Let us look at it again. What is the cause of confusion? Take a very simple thing. I must act, and I want to do good in the world. I know that the government is supposed to do good in the world, but I myself want to be religious and I also want to be powerful, saying I want to help. Actually I want a Rolls-Royce, and all the rest of it, do I not? So ambition, wanting to fulfil, is the cause of confusion not only in the religious but in the political field as well. The search for fulfilment is the cause of fear and confusion. Confusion does not come suddenly out of the sky; it comes because of various causes. So as our minds are confused, what is the cause of it? If one were able to think clearly there would be no sense of confusion. If my mind were very clear, not clear about something but in a state of clarity there would be no confusion. I hope you understand the difference between the mind being clear about something and being clear in itself. So, out of the cause comes confusion; the confusion does not come first and then the cause. We are talking about fear, and I say that fear comes because we want to fulfil. I need not describe what I mean by fulfilment - the sense of my family, self-importance, being the big fish in a little pond, the powerful politician, the great saint, using any avenue through which I can expand myself. And so long as I want to be the chief man in the little town, there is always the fear that you will want to be the same. And so we begin to compete and I am always anxious, and all the rest of it. So fear begins. So long as there is the desire to be something there must be fear and that fear causes confusion. I do not say it is the chief cause but it is one of the causes.
I am going to examine what we mean by fear, but please do not merely listen to the words. You know what you are afraid of, do you not? You are afraid of losing your job, of your wife becoming ill, or you love someone and that person does not love you, or you fear death. If you are at all alert you can see for yourself what you are afraid of. Please watch your own fear as I describe it. Now what do we mean by fear? Let us take death for an example. What does fear of death mean? It means I am afraid of the future, I am afraid of what might be, I am afraid of coming to an end. That fear exists in time. The thought of tomorrow and of me not being something in the tomorrow, the future, brings fear. That is, thought creates fear by thinking of tomorrow. Is that not so? I am a dishonest man and I cover it up because I do not want you to discover it, and I am afraid you might. I am afraid that you might see through me some time - which is again in the future. Fear is of time. Whereas, if I can say: `Yes, I am dishonest and I do not mind your discovering it now', - then I abolish time, and there is no more fear. There is only the fact. When I know the fact there is no fear. But in being confused about the fact, and in trying to change the fact into what I think it should be, according to my fancy, fear begins. If I know I am a liar, a greedy man, there is no fear. It is so. But if I try to cover up a lie and try to be something else, then fear begins. Therefore the desire to change without understanding the actual fact, without looking fully at the fact but merely wishing it to be something else, that is the beginning of fear - in which is involved time and the desire to achieve. So you have fear which causes confusion. Unless you eradicate fear you cannot be free of confusion. Understanding fear implies understanding the process of the mind, the self, and how it creates the thing called time. Which means that thought creates time. I am not talking of chronological time in the sense of the train going at 9.30. I am talking of the process of fear, of the self that creates time in order to be something in the future, and in that process there is frustration and sorrow. And in order to escape from that sorrow you invent all sorts of nonsense, myths, and live in a state of illusion and fear.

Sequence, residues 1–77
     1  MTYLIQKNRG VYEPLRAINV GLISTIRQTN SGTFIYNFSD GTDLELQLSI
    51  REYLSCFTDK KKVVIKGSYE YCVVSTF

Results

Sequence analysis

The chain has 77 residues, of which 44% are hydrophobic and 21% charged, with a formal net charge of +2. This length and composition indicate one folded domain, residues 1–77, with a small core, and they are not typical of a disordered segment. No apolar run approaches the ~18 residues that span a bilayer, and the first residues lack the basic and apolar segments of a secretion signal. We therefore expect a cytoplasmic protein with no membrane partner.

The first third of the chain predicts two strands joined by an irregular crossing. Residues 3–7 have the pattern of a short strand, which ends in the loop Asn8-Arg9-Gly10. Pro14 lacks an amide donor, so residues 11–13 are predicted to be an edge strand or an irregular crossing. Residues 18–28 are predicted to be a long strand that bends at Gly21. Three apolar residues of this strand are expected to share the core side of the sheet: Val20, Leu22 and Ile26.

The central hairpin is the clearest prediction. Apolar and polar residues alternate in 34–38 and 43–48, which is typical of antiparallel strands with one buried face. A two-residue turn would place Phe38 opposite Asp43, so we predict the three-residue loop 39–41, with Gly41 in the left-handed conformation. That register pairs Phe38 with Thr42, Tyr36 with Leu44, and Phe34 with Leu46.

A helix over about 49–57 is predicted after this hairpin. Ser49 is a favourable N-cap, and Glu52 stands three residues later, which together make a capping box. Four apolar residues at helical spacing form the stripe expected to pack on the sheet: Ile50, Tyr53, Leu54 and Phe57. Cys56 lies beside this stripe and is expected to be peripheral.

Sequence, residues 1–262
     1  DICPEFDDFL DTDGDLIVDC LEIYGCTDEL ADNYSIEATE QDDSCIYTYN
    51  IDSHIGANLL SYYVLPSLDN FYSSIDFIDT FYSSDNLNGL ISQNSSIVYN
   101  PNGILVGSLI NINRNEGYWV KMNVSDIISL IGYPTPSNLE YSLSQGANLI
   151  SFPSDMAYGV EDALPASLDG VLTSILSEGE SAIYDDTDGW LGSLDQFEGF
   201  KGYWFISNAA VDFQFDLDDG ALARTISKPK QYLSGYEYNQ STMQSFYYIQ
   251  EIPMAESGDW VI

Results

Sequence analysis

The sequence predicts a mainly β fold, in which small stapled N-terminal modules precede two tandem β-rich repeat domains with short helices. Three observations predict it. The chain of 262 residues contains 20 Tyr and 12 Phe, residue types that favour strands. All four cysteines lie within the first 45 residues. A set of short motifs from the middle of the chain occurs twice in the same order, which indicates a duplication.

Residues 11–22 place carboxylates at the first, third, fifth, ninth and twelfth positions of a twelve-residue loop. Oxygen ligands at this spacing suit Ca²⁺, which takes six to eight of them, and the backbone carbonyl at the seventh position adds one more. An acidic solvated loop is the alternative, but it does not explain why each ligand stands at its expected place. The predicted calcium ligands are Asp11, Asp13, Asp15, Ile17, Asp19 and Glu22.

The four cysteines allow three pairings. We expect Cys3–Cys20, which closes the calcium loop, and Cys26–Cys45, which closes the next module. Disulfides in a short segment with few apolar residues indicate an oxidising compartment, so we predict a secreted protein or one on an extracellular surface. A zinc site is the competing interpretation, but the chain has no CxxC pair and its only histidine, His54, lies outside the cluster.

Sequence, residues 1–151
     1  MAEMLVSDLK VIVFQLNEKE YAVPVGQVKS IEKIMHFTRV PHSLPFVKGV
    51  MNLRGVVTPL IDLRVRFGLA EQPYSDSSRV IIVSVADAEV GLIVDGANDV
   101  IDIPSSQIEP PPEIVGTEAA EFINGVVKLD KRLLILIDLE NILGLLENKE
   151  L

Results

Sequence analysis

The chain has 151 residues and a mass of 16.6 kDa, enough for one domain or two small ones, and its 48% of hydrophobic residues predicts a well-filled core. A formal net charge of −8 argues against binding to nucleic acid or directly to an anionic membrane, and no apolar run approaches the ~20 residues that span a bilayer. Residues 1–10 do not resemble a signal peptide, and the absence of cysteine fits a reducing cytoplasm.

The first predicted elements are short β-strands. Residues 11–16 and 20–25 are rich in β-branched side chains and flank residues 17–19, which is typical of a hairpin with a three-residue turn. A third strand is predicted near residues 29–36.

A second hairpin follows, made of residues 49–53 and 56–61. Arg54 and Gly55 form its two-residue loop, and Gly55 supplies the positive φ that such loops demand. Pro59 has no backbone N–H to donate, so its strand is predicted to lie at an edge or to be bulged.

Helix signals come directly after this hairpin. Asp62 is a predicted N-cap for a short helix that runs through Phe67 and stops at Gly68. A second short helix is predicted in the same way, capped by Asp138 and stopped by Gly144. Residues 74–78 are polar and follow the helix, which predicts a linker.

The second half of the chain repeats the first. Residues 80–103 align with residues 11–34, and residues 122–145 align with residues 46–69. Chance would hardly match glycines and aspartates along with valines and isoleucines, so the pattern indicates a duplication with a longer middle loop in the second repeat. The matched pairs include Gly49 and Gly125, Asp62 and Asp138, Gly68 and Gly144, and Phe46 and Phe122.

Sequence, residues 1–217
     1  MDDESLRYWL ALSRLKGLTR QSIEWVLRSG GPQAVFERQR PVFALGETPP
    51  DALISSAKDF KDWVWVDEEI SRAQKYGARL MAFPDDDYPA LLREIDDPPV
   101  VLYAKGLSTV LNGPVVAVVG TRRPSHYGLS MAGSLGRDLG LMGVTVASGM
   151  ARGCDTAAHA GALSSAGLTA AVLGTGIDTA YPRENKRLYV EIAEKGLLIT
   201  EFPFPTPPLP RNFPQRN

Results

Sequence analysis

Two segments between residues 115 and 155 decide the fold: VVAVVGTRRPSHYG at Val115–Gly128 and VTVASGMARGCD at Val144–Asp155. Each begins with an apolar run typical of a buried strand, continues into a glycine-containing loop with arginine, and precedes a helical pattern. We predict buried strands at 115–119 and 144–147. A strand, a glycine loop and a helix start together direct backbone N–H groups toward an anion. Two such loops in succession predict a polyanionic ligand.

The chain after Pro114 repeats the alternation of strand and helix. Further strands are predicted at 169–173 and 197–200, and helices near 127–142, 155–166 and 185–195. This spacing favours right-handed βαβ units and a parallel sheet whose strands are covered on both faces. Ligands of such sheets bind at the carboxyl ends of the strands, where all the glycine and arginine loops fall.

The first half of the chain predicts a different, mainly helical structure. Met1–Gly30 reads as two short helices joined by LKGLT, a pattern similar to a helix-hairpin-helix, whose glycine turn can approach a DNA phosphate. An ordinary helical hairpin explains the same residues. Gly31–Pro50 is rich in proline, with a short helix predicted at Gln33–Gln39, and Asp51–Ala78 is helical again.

So we come to the point, which is: Can the mind look at the fact without the desire to change the fact? I am greedy, I am envious - envy is a part of greed, is it not? Can I look at the fact that I am envious? Please, Sirs, look at it. Do not merely listen to me, but look at the fact, if you can. Then you will see how extraordinarily difficult it is to look at anything, to know that you are violent, to know it in the sense that you see that you are violent. When you do not compare, condemn or justify yourself with regard to it, is there not understanding of the fact and therefore a fundamental change in the fact itself? That is, I am violent. Can I look at it without any sense of avoidance, can I attend to it? I have explained before what I mean by attention. Attention is not of time, it is not saying `I must attend', or `I will cultivate it', which requires time. But the mind that says, `I must see this thing', acts, looks. When you are really interested in something, when your whole life depends on it, you give complete attention.